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Discovery and implementation of transcriptional biomarkers of synthetic LXR agonists in peripheral blood cells

Author(s): DiBlasio-Smith Elizabeth | Arai Maya | Quinet Elaine | Evans Mark | Kornaga Tad | Basso Michael | Chen Liang | Feingold Irene | Halpern Anita | Liu Qiang-Yuan | Nambi Ponnal | Savio Dawn | Wang Shuguang | Mounts William | Isler Jennifer | Slager Anna | Burczynski Michael | Dorner Andrew | LaVallie Edward

Journal: Journal of Translational Medicine
ISSN 1479-5876

Volume: 6;
Issue: 1;
Start page: 59;
Date: 2008;
Original page

Abstract Background LXRs (Liver X Receptor α and β) are nuclear receptors that act as ligand-activated transcription factors. LXR activation causes upregulation of genes involved in reverse cholesterol transport (RCT), including ABCA1 and ABCG1 transporters, in macrophage and intestine. Anti-atherosclerotic effects of synthetic LXR agonists in murine models suggest clinical utility for such compounds. Objective Blood markers of LXR agonist exposure/activity were sought to support clinical development of novel synthetic LXR modulators. Methods Transcript levels of LXR target genes ABCA1 and ABCG1 were measured using quantitative reverse transcriptase/polymerase chain reaction assays (qRT-PCR) in peripheral blood from mice and rats (following a single oral dose) and monkeys (following 7 daily oral doses) of synthetic LXR agonists. LXRα, LXRβ, ABCA1, and ABCG1 mRNA were measured by qRT-PCR in human peripheral blood mononuclear cells (PBMC), monocytes, T- and B-cells treated ex vivo with WAY-252623 (LXR-623), and protein levels in human PBMC were measured by Western blotting. ABCA1/G1 transcript levels in whole-blood RNA were measured using analytically validated assays in human subjects participating in a Phase 1 SAD (Single Ascending Dose) clinical study of LXR-623. Results A single oral dose of LXR agonists induced ABCA1 and ABCG1 transcription in rodent peripheral blood in a dose- and time-dependent manner. Induction of gene expression in rat peripheral blood correlated with spleen expression, suggesting LXR gene regulation in blood has the potential to function as a marker of tissue gene regulation. Transcriptional response to LXR agonist was confirmed in primates, where peripheral blood ABCA1 and ABCG1 levels increased in a dose-dependent manner following oral treatment with LXR-623. Human PBMC, monocytes, T- and B cells all expressed both LXRα and LXRβ, and all cell types significantly increased ABCA1 and ABCG1 expression upon ex vivo LXR-623 treatment. Peripheral blood from a representative human subject receiving a single oral dose of LXR-623 showed significant time-dependent increases in ABCA1 and ABCG1 transcription. Conclusion Peripheral blood cells express LXRα and LXRβ, and respond to LXR agonist treatment by time- and dose-dependently inducing LXR target genes. Transcript levels of LXR target genes in peripheral blood are relevant and useful biological indicators for clinical development of synthetic LXR modulators.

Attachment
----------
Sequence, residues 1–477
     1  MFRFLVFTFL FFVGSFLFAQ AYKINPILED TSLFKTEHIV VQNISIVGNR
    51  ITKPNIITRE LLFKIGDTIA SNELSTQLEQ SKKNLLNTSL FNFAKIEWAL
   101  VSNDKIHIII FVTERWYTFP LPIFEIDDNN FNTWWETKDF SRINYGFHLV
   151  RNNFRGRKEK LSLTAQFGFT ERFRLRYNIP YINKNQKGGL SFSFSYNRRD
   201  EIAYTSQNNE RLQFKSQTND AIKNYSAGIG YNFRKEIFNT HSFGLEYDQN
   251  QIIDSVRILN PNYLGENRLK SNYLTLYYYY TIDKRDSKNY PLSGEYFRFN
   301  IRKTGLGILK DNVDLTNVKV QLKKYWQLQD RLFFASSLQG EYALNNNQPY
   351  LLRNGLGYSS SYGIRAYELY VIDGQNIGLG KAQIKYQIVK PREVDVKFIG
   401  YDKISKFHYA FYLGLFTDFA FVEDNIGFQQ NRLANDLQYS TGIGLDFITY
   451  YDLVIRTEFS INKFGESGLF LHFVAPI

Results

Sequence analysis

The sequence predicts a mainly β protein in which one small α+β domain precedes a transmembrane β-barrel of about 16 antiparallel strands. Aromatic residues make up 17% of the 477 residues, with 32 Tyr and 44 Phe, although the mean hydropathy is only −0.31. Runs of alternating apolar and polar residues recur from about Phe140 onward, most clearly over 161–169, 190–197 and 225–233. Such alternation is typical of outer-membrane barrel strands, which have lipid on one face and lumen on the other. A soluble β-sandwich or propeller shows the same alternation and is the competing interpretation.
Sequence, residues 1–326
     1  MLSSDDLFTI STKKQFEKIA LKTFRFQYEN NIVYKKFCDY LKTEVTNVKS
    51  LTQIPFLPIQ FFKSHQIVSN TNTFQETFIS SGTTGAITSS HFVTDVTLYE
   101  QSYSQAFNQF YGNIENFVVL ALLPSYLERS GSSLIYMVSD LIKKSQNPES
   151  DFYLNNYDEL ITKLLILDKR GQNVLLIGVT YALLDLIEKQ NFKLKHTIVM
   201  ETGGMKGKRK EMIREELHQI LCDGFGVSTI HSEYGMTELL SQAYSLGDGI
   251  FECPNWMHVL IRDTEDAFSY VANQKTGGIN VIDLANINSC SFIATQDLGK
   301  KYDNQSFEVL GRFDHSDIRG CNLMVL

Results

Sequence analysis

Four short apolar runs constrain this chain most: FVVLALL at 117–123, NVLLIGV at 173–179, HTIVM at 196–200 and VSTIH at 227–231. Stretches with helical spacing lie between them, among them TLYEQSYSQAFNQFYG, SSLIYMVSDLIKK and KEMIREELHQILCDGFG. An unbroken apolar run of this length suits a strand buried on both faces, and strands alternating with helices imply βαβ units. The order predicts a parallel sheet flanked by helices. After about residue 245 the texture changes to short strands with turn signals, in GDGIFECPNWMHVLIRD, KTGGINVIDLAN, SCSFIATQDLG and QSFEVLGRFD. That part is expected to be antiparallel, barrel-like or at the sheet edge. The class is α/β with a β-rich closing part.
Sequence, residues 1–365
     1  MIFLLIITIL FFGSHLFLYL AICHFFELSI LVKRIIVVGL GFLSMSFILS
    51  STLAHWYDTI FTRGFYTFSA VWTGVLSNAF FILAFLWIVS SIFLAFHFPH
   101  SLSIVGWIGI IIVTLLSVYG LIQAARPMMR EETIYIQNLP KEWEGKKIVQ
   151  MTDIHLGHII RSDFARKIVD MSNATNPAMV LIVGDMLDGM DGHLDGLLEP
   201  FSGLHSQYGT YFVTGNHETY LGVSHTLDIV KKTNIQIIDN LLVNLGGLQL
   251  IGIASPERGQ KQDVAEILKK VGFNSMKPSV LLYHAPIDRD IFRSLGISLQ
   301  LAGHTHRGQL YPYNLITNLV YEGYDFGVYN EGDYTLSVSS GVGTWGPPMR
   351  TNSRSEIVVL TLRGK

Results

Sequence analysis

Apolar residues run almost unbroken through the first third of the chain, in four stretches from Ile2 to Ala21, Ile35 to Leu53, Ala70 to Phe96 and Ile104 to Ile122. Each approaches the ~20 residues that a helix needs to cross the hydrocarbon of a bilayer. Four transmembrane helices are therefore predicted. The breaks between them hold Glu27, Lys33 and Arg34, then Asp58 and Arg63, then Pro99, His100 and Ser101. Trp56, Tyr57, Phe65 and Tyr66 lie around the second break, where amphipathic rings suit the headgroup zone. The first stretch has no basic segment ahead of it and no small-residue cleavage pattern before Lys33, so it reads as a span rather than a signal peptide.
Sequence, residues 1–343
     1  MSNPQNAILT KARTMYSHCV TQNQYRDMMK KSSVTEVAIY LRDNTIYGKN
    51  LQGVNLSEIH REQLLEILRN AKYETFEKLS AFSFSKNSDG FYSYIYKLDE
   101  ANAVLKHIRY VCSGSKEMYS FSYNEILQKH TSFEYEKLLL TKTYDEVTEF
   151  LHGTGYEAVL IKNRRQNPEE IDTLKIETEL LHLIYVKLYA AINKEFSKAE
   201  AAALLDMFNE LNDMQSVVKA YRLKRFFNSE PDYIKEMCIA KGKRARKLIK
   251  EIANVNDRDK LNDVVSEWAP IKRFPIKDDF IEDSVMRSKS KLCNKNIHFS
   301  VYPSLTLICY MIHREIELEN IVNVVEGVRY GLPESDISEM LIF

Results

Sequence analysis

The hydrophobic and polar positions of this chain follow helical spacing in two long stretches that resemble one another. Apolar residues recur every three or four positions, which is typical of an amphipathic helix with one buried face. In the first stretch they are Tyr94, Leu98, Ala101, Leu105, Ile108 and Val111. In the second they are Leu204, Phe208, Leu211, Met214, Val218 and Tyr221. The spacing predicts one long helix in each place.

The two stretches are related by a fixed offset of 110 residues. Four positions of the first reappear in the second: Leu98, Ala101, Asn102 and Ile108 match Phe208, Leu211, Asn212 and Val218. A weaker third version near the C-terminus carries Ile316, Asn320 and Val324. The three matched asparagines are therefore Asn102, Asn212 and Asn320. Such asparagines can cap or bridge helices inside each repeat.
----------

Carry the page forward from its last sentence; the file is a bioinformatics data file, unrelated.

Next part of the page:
Tango Jona
Tangokurs Rapperswil-Jona

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